Few people know that over time our brains create automated patterns of behaviour, which left unnoticed rob us of our ability to choose how to behave.
Our brains are extremely efficient because we use what neuroscientist call “Pattern Recognition” to speed up our responses. The process of pattern recognition involves matching the information received with the information already stored in the brain. However, it has been discovered that pattern recognition creates behaviours that we no longer control, instead our brains simply instruct us to say, behave and feel the same way we did in the past.
Left unnoticed the brains ability to automatically make decisions about what words you use, your tone, mood, hormones and so on means you lose the ability to adjust and become a better version of yourself and fix the behaviour’s you don’t like.
Let’s take long term relationships at work or at home. You know this person well enough that your brain not only anticipates what they are going to say to you, but before you have had time to process the information being presented, the brain simply fires up the same emotions, hormones and responses you always give, and what’s worse is your brain might not have even noticed differences in the delivery of the information. Therefore leaving you stuck in a negative cycle of miscommunication. Sounds familiar?
The science shows that once we hit our 30’s we have so many connections created by experiences that the brain no longer reacts to things at face value, but instead it quickly matches what we experience to a past response. This poses the question; How much better would your relationships be if you were able to teach yourself to become more sensitive to the short cuts you brain is taking, catch them and replace them with better, more thought-out responses?
Let’s go back to that conversation with the person you know well, if you were able to notice that you are replying with an automated response and had not listened properly, how much more caring could your response be and what impact would that have on the person, your relationship with them and the amount of gratitude you receive in return?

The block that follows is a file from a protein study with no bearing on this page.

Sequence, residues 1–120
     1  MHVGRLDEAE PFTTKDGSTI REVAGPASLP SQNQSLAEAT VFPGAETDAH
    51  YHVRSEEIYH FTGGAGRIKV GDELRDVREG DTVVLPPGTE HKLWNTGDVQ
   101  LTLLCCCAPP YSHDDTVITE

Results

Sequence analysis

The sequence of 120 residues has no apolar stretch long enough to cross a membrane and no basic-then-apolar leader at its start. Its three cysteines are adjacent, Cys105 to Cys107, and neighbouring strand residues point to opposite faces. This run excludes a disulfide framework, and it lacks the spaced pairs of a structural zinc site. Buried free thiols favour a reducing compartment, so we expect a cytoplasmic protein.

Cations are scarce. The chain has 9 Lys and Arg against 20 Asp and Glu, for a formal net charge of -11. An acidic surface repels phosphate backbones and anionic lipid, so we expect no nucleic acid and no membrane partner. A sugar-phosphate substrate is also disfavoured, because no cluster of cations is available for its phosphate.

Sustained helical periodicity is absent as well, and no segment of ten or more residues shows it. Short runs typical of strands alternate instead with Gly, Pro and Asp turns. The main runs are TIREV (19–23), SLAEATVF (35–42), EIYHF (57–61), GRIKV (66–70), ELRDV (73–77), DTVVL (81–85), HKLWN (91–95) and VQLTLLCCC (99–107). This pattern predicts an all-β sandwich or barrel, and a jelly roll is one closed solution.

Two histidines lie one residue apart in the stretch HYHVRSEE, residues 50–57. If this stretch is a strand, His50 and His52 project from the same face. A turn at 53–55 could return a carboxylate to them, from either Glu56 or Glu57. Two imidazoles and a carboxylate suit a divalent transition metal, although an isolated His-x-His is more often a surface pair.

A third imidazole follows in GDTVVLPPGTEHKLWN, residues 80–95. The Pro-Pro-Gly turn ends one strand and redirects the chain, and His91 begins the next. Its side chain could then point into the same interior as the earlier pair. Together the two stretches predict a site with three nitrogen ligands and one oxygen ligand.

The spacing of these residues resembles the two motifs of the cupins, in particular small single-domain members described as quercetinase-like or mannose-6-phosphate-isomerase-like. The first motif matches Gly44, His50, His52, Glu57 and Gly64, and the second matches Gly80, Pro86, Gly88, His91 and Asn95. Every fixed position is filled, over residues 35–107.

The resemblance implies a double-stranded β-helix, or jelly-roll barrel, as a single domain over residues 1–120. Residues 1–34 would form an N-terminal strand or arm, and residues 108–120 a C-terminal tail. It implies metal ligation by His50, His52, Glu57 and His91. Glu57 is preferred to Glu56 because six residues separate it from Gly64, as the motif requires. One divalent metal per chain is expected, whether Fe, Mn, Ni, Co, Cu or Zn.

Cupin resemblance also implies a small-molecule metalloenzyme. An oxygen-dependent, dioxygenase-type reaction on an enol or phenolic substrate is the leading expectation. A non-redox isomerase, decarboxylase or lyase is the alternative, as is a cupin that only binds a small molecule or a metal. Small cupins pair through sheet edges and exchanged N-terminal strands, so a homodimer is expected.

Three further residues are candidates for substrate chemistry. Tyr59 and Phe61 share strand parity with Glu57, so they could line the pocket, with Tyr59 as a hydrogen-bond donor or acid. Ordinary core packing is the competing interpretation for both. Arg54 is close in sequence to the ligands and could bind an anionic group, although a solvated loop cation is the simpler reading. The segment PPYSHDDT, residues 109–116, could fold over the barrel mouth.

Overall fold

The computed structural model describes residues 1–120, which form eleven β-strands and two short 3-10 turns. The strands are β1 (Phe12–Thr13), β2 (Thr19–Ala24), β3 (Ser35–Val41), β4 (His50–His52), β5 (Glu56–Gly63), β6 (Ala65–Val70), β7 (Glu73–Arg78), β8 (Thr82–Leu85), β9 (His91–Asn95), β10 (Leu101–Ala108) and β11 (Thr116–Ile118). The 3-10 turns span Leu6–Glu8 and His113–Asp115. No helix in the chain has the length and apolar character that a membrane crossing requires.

Here are 3 things you can start doing to help you always be the best version of yourself:
- Meditation – a guided meditation which asks the question “What emotions do you want to change in your life”. I’ve had a great deal of success with Dr Joe Dispenza’s “Breaking the habits of being yourself” guided meditation. https://drjoedispenza.com/
- Be present – slow your communications down and force your brain to listen, consider and respond using the information you have been given (words, tone, mood, tempo, expressions, body language). If you feel yourself becoming tense, hot, fidgety or looking away from the person you are interacting with, try and catch yourself and you’ll likely provide them with a response which is much more caring and helpful. Takes practice!
- Be selfless – whether you are a husband, wife or manager, placing your needs to one side, having no expectations of others and removing your ego from the interaction will allow you to be more supportive and caring. Ironically doing exactly this will ensure your needs are met further down the road, be patient.
- Become sensitive – to your own emotions, because until you can catch old habits and replace them with new ones you are not in control of your life, life is in control of you.
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